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Sunday, Apr 22, 2018
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More than 300 march against violence in E. Tampa

TAMPA — The words rang loudly through Rechi Butler's bullhorn.

“Stop the violence, East Tampa!” called Butler, a motivational speaker who founded the local Get It Straight Foundation for at-risk youth.

Behind him, more than 300 people loudly repeated his call.

At 3 p.m. Sunday, a large crowd gathered at Lee Davis Neighborhood Service Center for the walk up North 22nd to Belmont Heights Little League Field. Many demonstrators wore white “Stop the Violence” T-shirts, and many appeared to be teenagers, just the demographic organizers had targeted.

Longtime community leader Dianne Hart said several young people in the area came to her several months ago, seeking help in promoting the event.

“It's the first of more demonstrations like this,” Hart said. “We want to move it around to other areas of the city.”

She credited the younger crowd for effectively spreading word through Facebook, Twitter and other social media.

As she waited for the walk to begin, Kenya Robinson dried her eyes.

Her son, Nico Crawford, 22, was shot to death on Easter Sunday alongside Zedmon Culpepper, 17, after a fight at Al Barnes Park on 32nd Street North. An Easter egg hunt was being held at the park when the bullet that killed her son was fired.

“Nico touched a lot of people. He was loved everywhere,” Robinson said. “It takes us to try to make a movement.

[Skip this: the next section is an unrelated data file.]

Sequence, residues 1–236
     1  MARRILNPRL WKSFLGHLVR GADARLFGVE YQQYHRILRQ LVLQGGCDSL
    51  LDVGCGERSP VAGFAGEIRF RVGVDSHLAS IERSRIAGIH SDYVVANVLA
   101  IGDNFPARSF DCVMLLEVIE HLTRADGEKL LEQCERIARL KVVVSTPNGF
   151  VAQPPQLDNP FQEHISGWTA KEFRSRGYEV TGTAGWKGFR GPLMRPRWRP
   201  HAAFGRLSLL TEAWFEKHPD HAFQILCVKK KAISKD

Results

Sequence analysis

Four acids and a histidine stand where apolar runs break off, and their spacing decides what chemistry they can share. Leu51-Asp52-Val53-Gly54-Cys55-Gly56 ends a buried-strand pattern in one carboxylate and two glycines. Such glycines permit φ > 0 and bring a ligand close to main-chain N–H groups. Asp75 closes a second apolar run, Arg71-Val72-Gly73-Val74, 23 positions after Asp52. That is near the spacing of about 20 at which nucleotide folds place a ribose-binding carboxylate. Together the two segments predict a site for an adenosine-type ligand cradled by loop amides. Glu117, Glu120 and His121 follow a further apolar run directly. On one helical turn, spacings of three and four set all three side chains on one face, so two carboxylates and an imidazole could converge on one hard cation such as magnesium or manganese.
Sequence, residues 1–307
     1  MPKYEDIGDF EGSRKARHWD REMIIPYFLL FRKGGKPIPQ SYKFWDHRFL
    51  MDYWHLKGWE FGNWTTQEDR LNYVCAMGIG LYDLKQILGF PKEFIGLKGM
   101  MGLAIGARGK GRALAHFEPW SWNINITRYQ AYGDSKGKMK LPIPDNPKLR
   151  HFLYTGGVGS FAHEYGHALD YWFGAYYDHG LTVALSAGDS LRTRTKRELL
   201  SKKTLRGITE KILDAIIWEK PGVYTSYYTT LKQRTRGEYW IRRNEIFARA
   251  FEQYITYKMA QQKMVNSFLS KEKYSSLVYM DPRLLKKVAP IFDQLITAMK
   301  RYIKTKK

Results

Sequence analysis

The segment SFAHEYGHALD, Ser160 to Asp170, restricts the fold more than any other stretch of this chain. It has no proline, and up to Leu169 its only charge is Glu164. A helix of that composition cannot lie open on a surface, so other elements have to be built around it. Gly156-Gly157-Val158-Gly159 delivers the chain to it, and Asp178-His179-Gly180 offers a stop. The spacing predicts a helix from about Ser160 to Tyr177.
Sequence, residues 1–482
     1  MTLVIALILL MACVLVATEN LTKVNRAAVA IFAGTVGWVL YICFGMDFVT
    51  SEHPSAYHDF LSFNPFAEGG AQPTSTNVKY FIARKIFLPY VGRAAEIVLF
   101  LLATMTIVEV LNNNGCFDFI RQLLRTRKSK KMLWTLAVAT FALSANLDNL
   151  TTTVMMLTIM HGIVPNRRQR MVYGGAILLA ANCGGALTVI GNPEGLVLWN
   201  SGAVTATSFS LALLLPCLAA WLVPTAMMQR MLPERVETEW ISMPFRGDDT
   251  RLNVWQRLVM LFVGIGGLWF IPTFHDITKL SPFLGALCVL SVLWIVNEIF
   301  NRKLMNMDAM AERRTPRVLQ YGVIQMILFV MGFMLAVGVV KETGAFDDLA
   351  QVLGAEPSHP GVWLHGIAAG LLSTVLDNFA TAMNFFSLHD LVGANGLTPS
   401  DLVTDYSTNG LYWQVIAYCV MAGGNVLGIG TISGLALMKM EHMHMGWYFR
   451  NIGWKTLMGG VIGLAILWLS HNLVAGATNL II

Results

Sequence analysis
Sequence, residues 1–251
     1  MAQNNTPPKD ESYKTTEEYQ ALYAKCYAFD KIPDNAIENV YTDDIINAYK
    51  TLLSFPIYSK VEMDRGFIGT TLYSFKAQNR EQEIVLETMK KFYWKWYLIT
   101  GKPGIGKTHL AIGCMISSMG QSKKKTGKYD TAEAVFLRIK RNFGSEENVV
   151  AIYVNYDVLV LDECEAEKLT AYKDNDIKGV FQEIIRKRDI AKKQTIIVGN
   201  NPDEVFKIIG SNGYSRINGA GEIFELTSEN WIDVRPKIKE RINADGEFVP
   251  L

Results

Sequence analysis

“That bullet wasn't meant for him, but there's no reason to bring a gun to an Easter egg hunt,” she said.

Otis House said he used to counsel Nico Crawford. House said he has worked with youth in the community for about 16 years, but gun violence over the last year “has gotten crazy.”

House blamed “conflict in the community” for the shootings, but said he didn't believe the strife was drug-related.

Ali Muhammad, chairman of the New Black Panthers in Tampa, helped organize the event.

Muhammad, 26, said he was raised in nearby Central Park Village. When he was a teenager, he said the neighborhood was relatively calm. Today, high unemployment has led to more crime, he said.

“There's hatred, but no respect,” Muhammad said. “No neighborhood respect, no unity. Hopefully, this will help bring in some positive energy.”

Before the walk began, State Rep. Janet Cruz, a Tampa Democrat, said she is working to get additional funding that could go toward reducing recidivism rates and “increasing opportunities for youth” in the community.

At the Little League field, demonstrators were offered information about obtaining GEDs and job leads.

Tampa Police Officer Jarda Bradford has done crime prevention work in the community over the past year.

“We do special events and workshops to empower young people,” she said. “We do workshops against bullying, gun violence and gang activity, even pedestrian and bike safety. We teach respect.”

Tampa Police Chief Jane Castor said violent crime in the area has gone down overall, but there has been an “uptick” in shootings.

“There's an incident, then there's retaliation,” Castor said. “Our obligation is to try to prevent the violence. In viewing the dispute, we try and find the warring parties, and meet with individuals who could be the next victims.

“If they won't speak with us, we go to their family members to let them know: 'Yours could be next.'”

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